December 10, 2014 6:59 pm

Questions swirl over effectiveness of outside Jian Ghomeshi probe at CBC

Former CBC Radio host Jian Ghomeshi, centre, is escorted out of court after being released on bail in Toronto on Wednesday, November 26, 2014.

THE CANADIAN PRESS/Darren Calabrese
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TORONTO – Questions about the effectiveness of an investigation into the CBC’s handling of the Jian Ghomeshi affair swirled Wednesday amid employee concerns about incriminating themselves.

While senior managers defended the process as independent, the union said only a promise of immunity would allow all employees to speak freely to investigator Janice Rubin.

There’s no guarantee that your information or your identity is protected, said Carmel Smythe, president of the Canadian Media Guild.

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“Every day, it looks less independent, that she’s just now taking orders and supplying all the information to CBC.”

READ MORE: CBC union warns members about investigation into Jian Ghomeshi

CBC asked Rubin, a labour lawyer, to conduct an independent investigation after firing Ghomeshi, 47, as host of the radio show “Q” in October. The broadcaster said it axed Ghomeshi after seeing what it called “graphic evidence” he had caused physical injury to a woman.

More than a dozen other women then stepped forward with allegations he had physically or sexually attacked them, with one woman saying he had sexually harassed her at work but her complaints went nowhere.

Ghomeshi has denied the allegations, arguing that he engaged in “rough sex”, but insisting it was always consensual.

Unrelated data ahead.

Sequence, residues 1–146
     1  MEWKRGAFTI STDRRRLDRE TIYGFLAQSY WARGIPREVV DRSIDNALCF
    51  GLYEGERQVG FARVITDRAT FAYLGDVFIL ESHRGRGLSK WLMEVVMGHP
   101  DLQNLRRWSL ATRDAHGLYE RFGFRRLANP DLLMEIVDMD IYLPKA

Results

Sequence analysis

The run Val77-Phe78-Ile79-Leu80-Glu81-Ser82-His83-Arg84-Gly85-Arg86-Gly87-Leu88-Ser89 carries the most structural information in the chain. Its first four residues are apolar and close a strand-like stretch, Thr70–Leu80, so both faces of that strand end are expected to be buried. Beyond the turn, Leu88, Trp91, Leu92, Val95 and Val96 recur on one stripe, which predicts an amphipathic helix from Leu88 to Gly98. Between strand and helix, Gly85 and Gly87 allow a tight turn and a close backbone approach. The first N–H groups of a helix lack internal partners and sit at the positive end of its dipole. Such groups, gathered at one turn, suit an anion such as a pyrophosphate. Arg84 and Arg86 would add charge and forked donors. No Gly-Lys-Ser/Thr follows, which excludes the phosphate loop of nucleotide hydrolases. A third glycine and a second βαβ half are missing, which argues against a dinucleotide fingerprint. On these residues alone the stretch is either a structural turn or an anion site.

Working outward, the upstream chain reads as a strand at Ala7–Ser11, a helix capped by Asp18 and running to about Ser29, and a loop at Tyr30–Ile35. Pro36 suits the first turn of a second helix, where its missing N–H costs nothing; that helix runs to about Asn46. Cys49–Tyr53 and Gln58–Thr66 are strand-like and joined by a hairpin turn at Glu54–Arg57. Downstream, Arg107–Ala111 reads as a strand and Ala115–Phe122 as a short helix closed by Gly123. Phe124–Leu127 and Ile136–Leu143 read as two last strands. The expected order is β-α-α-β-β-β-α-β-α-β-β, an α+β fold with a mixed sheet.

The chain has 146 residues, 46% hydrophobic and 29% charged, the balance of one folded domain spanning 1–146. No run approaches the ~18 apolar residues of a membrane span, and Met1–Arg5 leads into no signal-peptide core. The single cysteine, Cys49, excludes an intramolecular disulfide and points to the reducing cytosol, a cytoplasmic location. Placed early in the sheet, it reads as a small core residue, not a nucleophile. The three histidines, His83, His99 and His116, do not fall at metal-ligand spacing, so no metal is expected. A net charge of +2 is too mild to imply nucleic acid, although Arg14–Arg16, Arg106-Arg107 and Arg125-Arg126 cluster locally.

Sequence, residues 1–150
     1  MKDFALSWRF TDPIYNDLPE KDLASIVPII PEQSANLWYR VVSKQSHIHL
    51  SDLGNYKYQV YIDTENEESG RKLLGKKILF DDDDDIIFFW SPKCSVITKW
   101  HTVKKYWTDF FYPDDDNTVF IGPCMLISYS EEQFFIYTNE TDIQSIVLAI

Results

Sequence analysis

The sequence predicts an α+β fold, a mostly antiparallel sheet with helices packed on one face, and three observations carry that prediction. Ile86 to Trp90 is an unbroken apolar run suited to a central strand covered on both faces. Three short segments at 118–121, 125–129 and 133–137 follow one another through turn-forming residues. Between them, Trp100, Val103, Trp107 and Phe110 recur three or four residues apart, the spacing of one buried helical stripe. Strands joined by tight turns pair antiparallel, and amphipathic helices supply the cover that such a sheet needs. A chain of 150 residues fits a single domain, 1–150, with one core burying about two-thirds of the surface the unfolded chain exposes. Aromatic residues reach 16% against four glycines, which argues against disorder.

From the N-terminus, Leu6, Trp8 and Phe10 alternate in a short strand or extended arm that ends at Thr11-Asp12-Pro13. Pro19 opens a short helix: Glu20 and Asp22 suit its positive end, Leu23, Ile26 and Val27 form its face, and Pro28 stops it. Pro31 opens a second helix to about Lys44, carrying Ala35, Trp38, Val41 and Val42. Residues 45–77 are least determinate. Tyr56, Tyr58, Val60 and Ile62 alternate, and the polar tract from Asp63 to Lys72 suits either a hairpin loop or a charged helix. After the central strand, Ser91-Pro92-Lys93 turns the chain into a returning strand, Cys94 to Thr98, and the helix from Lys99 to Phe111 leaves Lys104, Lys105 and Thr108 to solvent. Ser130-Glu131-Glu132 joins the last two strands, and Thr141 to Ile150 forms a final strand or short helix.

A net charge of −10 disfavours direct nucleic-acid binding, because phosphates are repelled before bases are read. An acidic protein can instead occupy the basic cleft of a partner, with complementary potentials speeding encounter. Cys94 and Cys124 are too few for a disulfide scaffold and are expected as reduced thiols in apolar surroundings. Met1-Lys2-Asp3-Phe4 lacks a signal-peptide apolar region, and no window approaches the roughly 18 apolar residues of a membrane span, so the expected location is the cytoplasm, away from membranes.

Earlier this week, the guild cautioned members that Rubin would be recording their interviews with her – information that could wind up being used in disciplinary proceedings against them.

CBC spokesman Chuck Thompson on Wednesday confirmed that could happen – but only after disciplinary proceedings had already started.

Essentially, he said, Rubin would flag the need to take action against an employee in her final report.

“If there’s something that she believes needs to be brought to management’s attention based on her investigation, she will do that,” Thompson said.

“Any discipline that would be taken would fall to management.”

Despite the guild’s misgivings, one management source said those who had already spoken to Rubin were struck by her professional approach and had come away assured there would be no whitewash.

Among those who have spoken to Rubin was former “Q” producer Kathryn Borel, the woman who said she had complained to no effect about Ghomeshi to union representative Timothy Neesam.

© 2014 The Canadian Press

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